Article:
The Confrérie and the Cavaillon melon.
Protecting the Cavaillon melon from cheap imports is the Confrérie des Chevaliers de l'Ordre du Melon de Cavaillon, the Brother, and Sisterhood of the Knights of the Order of the Cavaillon melon.  These brave knights work to advance the cause of the Cavaillon melon, identify the competition and explain the differences.  Notwithstanding their work, long before this confrérie came into being the Cavaillon melon had already attracted the attention of French gourmets, and that was over 150 years ago.
It's great fun to dress up in would be ancient costumes
 and then march through town promoting a melon.

Above are members of the Confrérie de Chevaliers du Melon de Cavillon.
Photograph courtesy of Véronique Pagnier

The Count of Monte Christo and the Cavaillon melon
The author of the Count of Monte Christo and the Three Musketeers was Alexandre Dumas, Père. Dumas was internationally renowned for his over 400 works and in France was equally respected as a gourmet, and he loved Cavaillon melons.  Dumas Père loved Cavaillon melons so much that he offered the municipal library of Cavaillon a copy of every one of his published works; at that time that was over 300 separate works, in exchange for 12 Cavaillon melons a year for life.  The council accepted the offer, but Dumas Père felt he had the best part of the agreement. Dumas also wrote two books on French cuisine, the larger of the two is Dumas’s Grand Dictionnaire de Cuisine, The Great Dictionary of Cuisine. Dumas’s Grand Dictionnaire has been translated into English in an excellent, concise version called Dumas on Food by Alan and Jane Davidson, printed by Oxford University Press.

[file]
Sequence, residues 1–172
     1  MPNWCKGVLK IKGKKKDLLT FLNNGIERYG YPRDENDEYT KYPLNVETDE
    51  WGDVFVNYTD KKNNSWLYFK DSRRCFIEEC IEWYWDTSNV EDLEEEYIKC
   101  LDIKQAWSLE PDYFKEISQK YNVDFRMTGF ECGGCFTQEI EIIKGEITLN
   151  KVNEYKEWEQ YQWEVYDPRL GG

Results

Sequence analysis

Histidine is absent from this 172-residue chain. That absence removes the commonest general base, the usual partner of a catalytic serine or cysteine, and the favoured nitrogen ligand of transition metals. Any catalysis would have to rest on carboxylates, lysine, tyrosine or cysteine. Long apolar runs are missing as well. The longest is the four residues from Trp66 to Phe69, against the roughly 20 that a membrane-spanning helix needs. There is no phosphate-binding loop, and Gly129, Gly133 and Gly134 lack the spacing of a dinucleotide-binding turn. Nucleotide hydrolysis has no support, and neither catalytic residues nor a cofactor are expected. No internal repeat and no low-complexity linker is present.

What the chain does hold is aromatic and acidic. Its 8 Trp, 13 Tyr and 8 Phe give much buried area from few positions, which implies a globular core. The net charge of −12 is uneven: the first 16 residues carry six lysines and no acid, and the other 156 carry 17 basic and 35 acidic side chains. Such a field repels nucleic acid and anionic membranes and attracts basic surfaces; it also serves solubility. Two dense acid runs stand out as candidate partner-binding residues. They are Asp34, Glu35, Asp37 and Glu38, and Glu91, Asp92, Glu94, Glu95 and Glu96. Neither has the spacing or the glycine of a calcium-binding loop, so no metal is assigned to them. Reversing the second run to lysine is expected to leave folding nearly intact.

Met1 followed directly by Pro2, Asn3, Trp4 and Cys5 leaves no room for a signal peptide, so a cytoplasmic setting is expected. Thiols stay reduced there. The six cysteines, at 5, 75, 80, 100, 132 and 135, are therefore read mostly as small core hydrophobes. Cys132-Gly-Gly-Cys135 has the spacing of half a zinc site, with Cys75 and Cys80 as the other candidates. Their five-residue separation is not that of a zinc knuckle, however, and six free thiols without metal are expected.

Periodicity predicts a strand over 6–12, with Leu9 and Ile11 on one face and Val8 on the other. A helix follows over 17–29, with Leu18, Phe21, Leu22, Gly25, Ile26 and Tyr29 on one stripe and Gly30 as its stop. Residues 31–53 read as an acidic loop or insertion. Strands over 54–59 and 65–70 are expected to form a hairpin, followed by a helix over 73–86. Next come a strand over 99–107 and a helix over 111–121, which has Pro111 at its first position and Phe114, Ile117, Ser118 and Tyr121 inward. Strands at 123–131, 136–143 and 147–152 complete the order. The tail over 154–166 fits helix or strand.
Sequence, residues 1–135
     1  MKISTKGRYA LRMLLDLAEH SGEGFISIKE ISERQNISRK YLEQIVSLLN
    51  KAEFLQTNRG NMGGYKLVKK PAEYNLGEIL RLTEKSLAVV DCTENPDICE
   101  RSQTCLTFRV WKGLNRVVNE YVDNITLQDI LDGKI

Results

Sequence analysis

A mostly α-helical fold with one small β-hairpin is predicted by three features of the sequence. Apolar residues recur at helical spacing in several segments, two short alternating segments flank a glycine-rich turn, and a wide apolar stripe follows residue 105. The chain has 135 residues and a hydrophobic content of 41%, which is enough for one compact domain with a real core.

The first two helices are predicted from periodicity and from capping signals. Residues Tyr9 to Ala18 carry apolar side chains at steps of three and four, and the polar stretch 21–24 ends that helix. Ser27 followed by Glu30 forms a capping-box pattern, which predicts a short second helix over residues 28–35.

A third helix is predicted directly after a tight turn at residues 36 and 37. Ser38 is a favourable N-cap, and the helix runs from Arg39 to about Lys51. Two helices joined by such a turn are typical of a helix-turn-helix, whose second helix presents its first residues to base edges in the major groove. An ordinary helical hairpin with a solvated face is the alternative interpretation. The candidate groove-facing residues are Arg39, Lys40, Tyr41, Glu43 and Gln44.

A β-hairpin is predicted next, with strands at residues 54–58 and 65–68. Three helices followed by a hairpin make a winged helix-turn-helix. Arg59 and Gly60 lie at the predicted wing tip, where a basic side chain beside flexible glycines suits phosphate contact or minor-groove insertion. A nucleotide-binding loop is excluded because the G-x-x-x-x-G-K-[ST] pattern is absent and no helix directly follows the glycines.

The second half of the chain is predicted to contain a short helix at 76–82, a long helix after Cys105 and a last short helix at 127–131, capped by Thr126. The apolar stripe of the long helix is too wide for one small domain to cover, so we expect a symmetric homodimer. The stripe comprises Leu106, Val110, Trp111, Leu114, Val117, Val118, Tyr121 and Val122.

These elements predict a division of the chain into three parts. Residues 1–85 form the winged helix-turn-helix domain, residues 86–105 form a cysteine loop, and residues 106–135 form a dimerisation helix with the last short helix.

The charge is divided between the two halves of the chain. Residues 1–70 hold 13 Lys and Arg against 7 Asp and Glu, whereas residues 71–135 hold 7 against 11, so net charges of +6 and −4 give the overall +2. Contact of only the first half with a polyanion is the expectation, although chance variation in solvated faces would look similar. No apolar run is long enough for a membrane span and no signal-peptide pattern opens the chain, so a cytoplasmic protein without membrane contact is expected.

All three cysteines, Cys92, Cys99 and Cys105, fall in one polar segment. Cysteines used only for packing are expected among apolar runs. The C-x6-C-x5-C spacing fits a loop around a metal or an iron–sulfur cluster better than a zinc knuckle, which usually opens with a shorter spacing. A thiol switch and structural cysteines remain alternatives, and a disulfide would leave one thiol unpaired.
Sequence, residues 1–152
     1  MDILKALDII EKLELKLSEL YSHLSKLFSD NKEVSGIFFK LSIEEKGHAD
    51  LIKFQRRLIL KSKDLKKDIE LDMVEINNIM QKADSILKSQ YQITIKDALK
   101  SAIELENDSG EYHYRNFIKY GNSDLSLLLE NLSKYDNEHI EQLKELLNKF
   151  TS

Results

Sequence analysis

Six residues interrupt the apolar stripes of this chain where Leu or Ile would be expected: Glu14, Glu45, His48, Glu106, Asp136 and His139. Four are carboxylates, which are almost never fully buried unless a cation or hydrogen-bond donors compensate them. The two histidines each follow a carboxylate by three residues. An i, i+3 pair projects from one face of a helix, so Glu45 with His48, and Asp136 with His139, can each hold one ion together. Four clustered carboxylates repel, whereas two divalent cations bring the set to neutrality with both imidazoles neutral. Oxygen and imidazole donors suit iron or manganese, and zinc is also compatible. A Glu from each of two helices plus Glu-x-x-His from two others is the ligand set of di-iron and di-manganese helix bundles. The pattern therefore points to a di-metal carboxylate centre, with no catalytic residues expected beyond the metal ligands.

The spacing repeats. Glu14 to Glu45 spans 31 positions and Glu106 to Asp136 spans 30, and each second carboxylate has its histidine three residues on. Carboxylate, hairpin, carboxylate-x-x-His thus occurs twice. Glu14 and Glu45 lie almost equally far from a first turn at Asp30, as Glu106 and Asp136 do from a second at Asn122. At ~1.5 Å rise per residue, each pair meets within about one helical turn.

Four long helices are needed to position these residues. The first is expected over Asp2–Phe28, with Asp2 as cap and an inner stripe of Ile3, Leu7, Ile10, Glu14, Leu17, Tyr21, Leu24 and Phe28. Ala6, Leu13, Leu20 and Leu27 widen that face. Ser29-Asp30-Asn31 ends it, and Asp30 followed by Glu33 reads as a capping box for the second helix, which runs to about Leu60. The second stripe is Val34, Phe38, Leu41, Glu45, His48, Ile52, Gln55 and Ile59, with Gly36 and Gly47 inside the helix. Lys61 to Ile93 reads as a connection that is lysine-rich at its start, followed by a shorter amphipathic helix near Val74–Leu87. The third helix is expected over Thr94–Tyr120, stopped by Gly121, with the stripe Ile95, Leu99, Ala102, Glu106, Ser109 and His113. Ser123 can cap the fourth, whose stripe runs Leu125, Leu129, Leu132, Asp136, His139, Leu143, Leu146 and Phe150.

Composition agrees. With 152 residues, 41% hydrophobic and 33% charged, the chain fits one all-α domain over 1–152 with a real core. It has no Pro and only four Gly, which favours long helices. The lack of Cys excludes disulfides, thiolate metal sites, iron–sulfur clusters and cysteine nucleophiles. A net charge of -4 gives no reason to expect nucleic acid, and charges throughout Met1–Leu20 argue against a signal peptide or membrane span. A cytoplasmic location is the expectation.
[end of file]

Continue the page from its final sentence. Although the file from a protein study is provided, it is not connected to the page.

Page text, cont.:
Alexandre Dumas, Père.

Cavaillon is situated on the edge of the Parc Naturel Régional du Luberon, the Luberon Regional Nature Park. The park has a French language website but is easily understood using the Google or Microsoft translate apps:
If you are in Provence in early July do not miss their Fête du Melon, their melon fete held on the Friday and Saturday preceding the 14th of July, Bastille Day, Le Quatorze Juillet, check the dates. Bastille Day, Le Quatorze Juillet in French is the most important of all French National Holidays.
The Fête de Melon, Cavaillon
Photograph courtesy of La Cuisine du Marché
The town of Cavaillon has a long history, and as the Romans were here, maybe they brought the first melons. Many Cantaloupe type melons are linked to their origins in Italy where they developed from fruits, introduced by the Romans, that came from Armenia and Persia.  Exploring the town, you will find a 1st-century Roman arch
Remains of the 1st Century Roman Arch
Explore more, and you will find the remains of a 12th-century Cathedral including a Cloister.
Remains of the 12th-century Cathedral.

The whole area was, from 1229 to 1791, a separate Papal State called Comtat Venaissin. From 1309 to 1377  the Popes ruled the Roman Catholic world from Avignon.

Map of the Comtat Venaissin
Photograph courtesy of ChrisO.
As opposed to much of the rest of Europe the Jews of this area were protected by the Popes who ruled the Comtat Venaissin, Look around some more, and you will find a reconstructed 18th-century synagogue, now a museum,  the Musée Juif Comtadin, the museum of the history of the Jews of Comtadin.
The reconstruction of an 18th-century synagogue.
Photograph by courtesy of Shoshanah.
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Bryan G. Newman
Behind the French Menu
Copyright 2010, 2017.